Couples should be focusing on each other, on their guests, and on celebrating their love during their big day, not on voices of the photographer and videographer. Being aligned in this manner within the team and with our clients, it helps us observe more, document more, and be more attentive to the littlest moments. We maintain sensitivity and empathy in this manner.

What role do darker and moodier tones play in your visual storytelling, and how do they enhance the portrayal of emotions in your work?

We can always use light to draw focus to a particular scene within a photo. This gives us a little more creative freedom in trying to highlight emotions and/or details we want people to focus on. Darker and moodier photos leave room for imagination. The use of neutral colors also adds elegance and sets the unspoken mood without overwhelming the audience. Interestingly, we’re hence more reflective when looking at darker and moodier images.

When a scene is slightly darker, we can have a peek at how a couple looks and how they are emoting but it’s not exactly shown directly in your face. This leaves room for interpretation, for us to understand an image via our understanding of the world, and that allows us to connect with the images a little more.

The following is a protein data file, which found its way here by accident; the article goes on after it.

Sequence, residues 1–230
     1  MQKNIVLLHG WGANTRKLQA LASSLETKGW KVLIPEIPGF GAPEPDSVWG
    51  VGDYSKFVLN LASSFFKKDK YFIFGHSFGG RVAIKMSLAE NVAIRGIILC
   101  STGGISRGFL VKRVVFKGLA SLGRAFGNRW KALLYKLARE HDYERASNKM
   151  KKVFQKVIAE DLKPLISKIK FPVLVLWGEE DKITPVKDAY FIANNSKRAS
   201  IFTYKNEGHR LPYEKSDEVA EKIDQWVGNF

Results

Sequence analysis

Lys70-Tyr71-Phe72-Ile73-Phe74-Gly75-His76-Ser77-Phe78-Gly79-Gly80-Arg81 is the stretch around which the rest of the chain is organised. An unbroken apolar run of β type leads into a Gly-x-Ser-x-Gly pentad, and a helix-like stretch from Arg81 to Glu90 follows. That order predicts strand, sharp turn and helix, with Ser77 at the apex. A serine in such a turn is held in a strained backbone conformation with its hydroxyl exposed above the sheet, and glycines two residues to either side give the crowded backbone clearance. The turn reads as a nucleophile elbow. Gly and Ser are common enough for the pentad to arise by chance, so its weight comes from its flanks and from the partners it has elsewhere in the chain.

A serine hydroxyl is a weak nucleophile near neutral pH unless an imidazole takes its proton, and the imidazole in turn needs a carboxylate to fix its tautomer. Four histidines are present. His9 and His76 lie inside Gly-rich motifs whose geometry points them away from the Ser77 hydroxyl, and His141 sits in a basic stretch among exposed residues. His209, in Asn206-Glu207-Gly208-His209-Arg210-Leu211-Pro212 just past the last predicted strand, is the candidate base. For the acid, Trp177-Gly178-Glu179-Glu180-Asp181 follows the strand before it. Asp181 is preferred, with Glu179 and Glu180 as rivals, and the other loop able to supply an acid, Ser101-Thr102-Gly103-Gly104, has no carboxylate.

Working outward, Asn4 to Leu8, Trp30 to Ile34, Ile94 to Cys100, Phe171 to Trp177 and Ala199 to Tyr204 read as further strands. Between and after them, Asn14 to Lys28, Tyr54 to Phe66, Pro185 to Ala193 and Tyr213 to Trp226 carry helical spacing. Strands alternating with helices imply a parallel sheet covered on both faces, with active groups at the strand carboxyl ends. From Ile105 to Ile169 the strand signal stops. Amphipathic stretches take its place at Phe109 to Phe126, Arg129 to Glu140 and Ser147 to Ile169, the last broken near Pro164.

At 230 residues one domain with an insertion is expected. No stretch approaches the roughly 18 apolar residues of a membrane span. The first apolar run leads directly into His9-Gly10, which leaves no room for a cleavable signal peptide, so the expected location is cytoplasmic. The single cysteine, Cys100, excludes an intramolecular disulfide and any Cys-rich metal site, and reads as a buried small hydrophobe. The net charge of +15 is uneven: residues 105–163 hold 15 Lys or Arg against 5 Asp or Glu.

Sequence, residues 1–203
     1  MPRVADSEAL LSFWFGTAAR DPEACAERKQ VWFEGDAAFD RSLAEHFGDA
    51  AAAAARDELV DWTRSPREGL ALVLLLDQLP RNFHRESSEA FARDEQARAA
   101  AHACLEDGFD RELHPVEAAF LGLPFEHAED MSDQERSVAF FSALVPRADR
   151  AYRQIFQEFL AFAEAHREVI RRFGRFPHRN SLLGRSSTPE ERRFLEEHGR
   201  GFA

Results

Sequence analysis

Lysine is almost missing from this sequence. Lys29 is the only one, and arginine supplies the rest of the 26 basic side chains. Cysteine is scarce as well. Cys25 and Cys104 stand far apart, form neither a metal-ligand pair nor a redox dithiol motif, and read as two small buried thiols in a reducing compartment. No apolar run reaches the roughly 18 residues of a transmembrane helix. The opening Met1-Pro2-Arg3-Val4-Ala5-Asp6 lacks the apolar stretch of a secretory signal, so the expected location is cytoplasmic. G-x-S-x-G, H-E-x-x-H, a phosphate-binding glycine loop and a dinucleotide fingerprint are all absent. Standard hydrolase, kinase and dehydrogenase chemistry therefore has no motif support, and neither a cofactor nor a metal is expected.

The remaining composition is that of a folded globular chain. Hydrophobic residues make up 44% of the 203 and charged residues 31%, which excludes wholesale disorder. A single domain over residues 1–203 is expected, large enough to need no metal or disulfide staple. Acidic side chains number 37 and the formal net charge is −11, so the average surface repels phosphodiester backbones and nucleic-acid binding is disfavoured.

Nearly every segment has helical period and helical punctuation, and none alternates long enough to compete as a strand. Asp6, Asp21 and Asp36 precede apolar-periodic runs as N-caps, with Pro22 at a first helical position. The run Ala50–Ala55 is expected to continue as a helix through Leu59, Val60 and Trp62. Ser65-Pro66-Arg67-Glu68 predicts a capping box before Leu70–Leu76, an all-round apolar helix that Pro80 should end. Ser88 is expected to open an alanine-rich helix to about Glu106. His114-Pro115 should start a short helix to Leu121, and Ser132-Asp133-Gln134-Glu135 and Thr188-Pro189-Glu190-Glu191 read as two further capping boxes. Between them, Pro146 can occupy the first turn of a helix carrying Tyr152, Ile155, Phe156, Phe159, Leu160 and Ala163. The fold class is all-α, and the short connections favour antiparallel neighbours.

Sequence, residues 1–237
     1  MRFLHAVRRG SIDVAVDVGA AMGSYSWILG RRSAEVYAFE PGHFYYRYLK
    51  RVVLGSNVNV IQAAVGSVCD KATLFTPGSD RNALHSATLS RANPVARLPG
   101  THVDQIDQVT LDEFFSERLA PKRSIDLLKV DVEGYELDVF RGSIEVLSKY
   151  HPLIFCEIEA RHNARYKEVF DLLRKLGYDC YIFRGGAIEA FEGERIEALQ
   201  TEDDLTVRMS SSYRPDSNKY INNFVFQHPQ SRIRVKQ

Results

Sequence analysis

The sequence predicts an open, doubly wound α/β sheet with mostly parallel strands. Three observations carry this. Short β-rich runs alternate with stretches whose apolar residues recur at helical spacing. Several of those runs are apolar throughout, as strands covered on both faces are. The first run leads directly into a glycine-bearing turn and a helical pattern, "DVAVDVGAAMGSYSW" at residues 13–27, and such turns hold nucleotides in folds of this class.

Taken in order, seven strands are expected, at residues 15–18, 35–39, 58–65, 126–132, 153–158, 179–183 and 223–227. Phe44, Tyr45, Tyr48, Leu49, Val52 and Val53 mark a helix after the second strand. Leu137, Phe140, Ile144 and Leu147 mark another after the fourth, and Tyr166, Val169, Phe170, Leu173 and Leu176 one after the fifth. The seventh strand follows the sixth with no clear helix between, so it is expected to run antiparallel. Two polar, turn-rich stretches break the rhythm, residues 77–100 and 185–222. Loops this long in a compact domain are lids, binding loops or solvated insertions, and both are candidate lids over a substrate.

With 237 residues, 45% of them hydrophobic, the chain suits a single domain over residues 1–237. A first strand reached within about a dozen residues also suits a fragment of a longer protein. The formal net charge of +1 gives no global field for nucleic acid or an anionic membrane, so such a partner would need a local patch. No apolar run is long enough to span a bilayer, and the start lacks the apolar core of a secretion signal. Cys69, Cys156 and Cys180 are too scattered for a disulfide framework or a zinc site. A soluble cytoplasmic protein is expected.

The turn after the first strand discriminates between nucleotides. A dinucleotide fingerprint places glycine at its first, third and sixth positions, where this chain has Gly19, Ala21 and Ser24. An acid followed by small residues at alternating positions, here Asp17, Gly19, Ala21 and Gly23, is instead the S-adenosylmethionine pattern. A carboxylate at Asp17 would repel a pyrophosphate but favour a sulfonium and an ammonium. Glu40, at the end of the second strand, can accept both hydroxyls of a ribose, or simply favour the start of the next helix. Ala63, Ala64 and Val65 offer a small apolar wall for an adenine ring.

Could you walk us through your creative process when conceptualising and executing a wedding shoot?

It often starts with meeting the client. We’ll try to understand their story, observe their interactions, figure out and expand on their objectives for the pre-wedding and/or wedding shoot. With that, we’d roughly have a visualization of how they’d be during a shoot and/or a wedding day, and we work around that. The process is very personal.

Even though the wedding works are consistent in terms of the shooting and editing style, the content (the photos and videos themselves) are not. We’ll never know what we’re going to get with each couple. This makes every set of wedding work unique—we combine our artistic style with the values of each couple. This hence makes the wedding works at Kompactfaen relatable and unique. Every couple is different and has a unique dynamic, no two persons move the same way.

We sometimes get new ideas and/or poses just simply photographing a couple in their most natural state. The creative process becomes a collaborative effort and we’re glad we’ve been meeting great couples who understand that ethos, and work closely with us to make their wedding ideals come true.

In what ways do you strive to make each wedding documentation sincere, personal, and unique to the couple?

As much as possible, unless we’re doing artistic shots purely for visual purposes, we try our best not to pose couples too much. The entire planning process (mentioned in the previous question) is hence really important. We need to be sensitive in understanding the couple, knowing their boundaries and being in tune with their objectives for the union.